Portugal: Europe’s Weak Link?

There was much elation on the left, in the United States and Europe, following the October 4th, election in Portugal when a center-right coalition of Social Democrats won the popular vote, but failed to win a majority in parliament. A left-wing insurgency, under the leadership of Socialist party (PSP) Anthony Costa combined with the radical Left—Block (BE) and the Communist party (PCP) and took power. The left alliance had rejected an austerity program proposed by the social democrats forcing it to resign.

A great deal of the euphoria on the left, surrounding this leftist coup, has subsided- tempered by the political realities of Portugal’s highly fragmented party structure and conservative political culture As an example, in the aftermath of Portugal’s 1975 democratic revolution, the socialist party was to endure a great deal of tumultuous rule through the seventies and eighties. Portuguese socialists proved to be unable to present themselves as a credible force for economic and social reforms. In fact, following the Antonio Salazar dictatorship none of the Portuguese parties that emerged, with the exception of the Communists party, had any organization and were virtually nonexistent.

Compared to Alex Tisipras in Greece and Podemos’s Pablo Iglesis in Spain, Costa’s rhetoric is far less inflammatory, but his pledge to turn the page on austerity is unequivocal Nevertheless, divisions do exist as to what extent Eurozone policies should be reversed. The pro-Europe socialists advocate at least partially adhering to the E.U.’s spending targets in an effort to assuage Brussels, but the Euroskeptic coalition partners would prefer to expand spending programs.

Modern Portugal is still struggling to free itself from the heavy hand of the past. A past rooted in paternalism, and the vestiges of the Salazar’s regime’s corporatist ideology. The latter emphasized the need to adopt a more culturally and populist oriented approach to ruling. So the focus was placed on the role of tradition and culture in the development of new political entities and institutions. Also, historically, it is viewed as a reaction to the threats of modernization and industrialization.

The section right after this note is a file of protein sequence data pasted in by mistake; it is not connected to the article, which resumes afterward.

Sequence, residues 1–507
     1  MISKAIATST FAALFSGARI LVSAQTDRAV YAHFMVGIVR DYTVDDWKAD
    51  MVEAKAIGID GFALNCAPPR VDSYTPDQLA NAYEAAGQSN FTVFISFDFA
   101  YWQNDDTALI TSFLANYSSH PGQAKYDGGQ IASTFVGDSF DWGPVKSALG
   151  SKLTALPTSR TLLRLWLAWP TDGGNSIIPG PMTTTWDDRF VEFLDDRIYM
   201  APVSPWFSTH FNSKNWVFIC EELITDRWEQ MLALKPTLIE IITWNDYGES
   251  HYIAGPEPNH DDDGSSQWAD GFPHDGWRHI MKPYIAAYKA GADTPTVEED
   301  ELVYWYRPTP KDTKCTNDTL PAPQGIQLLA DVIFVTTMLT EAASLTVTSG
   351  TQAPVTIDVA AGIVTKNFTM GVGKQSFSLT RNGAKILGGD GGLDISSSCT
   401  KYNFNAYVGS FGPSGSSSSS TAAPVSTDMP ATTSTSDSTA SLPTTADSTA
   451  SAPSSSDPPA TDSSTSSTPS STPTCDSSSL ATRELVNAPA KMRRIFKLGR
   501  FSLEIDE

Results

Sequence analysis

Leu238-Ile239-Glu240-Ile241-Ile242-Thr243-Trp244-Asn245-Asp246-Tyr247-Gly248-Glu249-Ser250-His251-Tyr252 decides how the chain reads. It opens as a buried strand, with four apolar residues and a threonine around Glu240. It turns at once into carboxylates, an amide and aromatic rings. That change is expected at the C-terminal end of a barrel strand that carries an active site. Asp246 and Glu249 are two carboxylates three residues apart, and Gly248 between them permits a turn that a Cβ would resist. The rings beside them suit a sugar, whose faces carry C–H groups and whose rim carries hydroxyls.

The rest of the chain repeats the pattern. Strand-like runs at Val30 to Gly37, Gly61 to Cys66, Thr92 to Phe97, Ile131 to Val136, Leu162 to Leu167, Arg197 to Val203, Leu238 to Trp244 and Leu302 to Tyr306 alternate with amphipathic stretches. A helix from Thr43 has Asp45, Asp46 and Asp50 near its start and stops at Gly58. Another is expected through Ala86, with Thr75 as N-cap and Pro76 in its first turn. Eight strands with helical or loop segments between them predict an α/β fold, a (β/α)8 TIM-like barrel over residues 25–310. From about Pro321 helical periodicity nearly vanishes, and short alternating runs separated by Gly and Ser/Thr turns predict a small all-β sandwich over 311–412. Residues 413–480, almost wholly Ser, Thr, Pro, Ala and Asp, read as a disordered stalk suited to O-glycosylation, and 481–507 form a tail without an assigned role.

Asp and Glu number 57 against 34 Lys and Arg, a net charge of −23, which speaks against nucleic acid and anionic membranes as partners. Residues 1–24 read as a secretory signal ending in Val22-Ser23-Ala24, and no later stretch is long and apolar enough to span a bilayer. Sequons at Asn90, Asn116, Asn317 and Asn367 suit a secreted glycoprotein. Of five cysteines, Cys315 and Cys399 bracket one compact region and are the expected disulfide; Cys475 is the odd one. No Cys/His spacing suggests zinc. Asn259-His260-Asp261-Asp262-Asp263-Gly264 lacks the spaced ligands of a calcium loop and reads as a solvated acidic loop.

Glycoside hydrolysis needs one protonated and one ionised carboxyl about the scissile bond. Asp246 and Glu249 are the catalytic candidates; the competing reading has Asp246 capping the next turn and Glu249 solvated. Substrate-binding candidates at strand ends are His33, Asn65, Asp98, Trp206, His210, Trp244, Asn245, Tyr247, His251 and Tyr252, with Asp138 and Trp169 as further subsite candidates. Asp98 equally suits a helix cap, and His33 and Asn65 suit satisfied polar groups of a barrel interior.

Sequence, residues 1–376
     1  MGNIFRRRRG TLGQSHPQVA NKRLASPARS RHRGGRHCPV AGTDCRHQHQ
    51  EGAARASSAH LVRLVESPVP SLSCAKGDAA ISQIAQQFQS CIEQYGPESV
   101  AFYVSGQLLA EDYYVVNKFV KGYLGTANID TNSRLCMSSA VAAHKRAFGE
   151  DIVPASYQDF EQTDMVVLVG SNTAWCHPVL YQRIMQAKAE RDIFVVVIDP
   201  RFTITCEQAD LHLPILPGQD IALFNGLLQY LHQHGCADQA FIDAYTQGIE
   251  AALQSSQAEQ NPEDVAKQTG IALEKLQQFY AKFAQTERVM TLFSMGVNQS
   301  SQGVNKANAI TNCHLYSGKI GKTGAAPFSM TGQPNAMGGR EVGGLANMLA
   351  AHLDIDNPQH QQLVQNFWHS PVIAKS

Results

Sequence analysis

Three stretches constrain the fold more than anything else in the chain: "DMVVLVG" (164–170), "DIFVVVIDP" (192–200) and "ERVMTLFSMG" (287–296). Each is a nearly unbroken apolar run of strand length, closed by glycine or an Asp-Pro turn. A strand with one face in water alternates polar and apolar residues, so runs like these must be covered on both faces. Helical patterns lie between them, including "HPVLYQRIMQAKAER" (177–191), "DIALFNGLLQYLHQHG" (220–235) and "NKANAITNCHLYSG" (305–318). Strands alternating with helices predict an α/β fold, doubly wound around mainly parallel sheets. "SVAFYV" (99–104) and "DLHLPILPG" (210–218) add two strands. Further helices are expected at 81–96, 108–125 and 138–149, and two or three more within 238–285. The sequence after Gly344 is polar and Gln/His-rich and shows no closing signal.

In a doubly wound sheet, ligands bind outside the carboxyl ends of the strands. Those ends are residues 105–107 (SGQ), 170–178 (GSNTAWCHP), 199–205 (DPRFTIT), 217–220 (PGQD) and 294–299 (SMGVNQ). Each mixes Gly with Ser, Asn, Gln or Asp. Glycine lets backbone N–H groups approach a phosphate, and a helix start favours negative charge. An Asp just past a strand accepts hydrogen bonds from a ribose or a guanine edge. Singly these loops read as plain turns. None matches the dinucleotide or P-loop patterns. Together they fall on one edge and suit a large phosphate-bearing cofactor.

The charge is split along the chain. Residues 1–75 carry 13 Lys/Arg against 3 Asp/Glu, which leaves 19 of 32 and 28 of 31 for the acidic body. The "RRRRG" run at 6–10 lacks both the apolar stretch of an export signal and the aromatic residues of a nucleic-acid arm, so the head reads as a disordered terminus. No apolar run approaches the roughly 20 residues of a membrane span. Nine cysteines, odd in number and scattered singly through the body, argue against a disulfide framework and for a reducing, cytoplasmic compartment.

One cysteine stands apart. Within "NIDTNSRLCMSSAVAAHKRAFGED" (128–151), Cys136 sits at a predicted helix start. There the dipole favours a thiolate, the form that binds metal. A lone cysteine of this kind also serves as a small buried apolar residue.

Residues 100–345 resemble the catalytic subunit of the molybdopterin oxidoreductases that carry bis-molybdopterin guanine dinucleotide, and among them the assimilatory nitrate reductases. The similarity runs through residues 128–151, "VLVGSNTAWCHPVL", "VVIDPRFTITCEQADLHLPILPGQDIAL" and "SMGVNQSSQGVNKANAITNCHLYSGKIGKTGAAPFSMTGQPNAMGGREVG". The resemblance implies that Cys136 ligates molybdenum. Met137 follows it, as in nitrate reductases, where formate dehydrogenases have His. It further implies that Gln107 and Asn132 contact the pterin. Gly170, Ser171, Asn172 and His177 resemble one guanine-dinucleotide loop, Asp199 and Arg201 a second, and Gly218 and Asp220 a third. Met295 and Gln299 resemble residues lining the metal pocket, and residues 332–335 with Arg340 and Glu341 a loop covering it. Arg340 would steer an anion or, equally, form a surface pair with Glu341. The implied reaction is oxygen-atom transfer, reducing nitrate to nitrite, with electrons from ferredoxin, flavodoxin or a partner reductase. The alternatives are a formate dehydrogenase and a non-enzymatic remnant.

It is important to acknowledge the highly contested nature of corporatist ideology as a modern phenomenon. However, the persistence of the concept is seen in the authoritarian tendencies inherent in Iberian-Latin culture. The regimes of Salazar in Portugal and Antonio Sampalo da Noval in Spain are classic examples.

Portugal has a young and weak unfulfilled democratic political culture. It has no deep-rooted democratic traditions-a characteristic often seen in cultures with a low level of education and income inequality. This pattern tends to reinforce a weak civil society in which small numbers of people are actively engaged and subject to high levels of disaffection and alienation.

Very little has changed in Portugal’s conservative political culture. In late January, a right-wing president, Rebello de Souza, former leader of the neo-liberal social democratic party, won a popular election of over 50% of the vote. The vote was seen as a rebuke to the socialists and the far left ruling coalition

Under Portugal’s constitution, the president is empowered to dissolve parliament and fire the prime minister. The president has no veto power over legislation but he can challenge policy by ordering reviews of legislation Souza’s big win has led Costa’s left-wing partners to warn the prime minister that de Souza could bring back new austerity programs. Assuredly, it would be naïve to count him as an ally in times of crisis

The political and historical realities in Portuguese politics do not bode well for the prospect that a democratic political culture, or a dominant socialist-left ruling coalition will ever materialize; remains a lengthy process and one still incomplete.


Andrew Raposa is Professor Emeritus at Massachusetts State University in Westfield Westfield.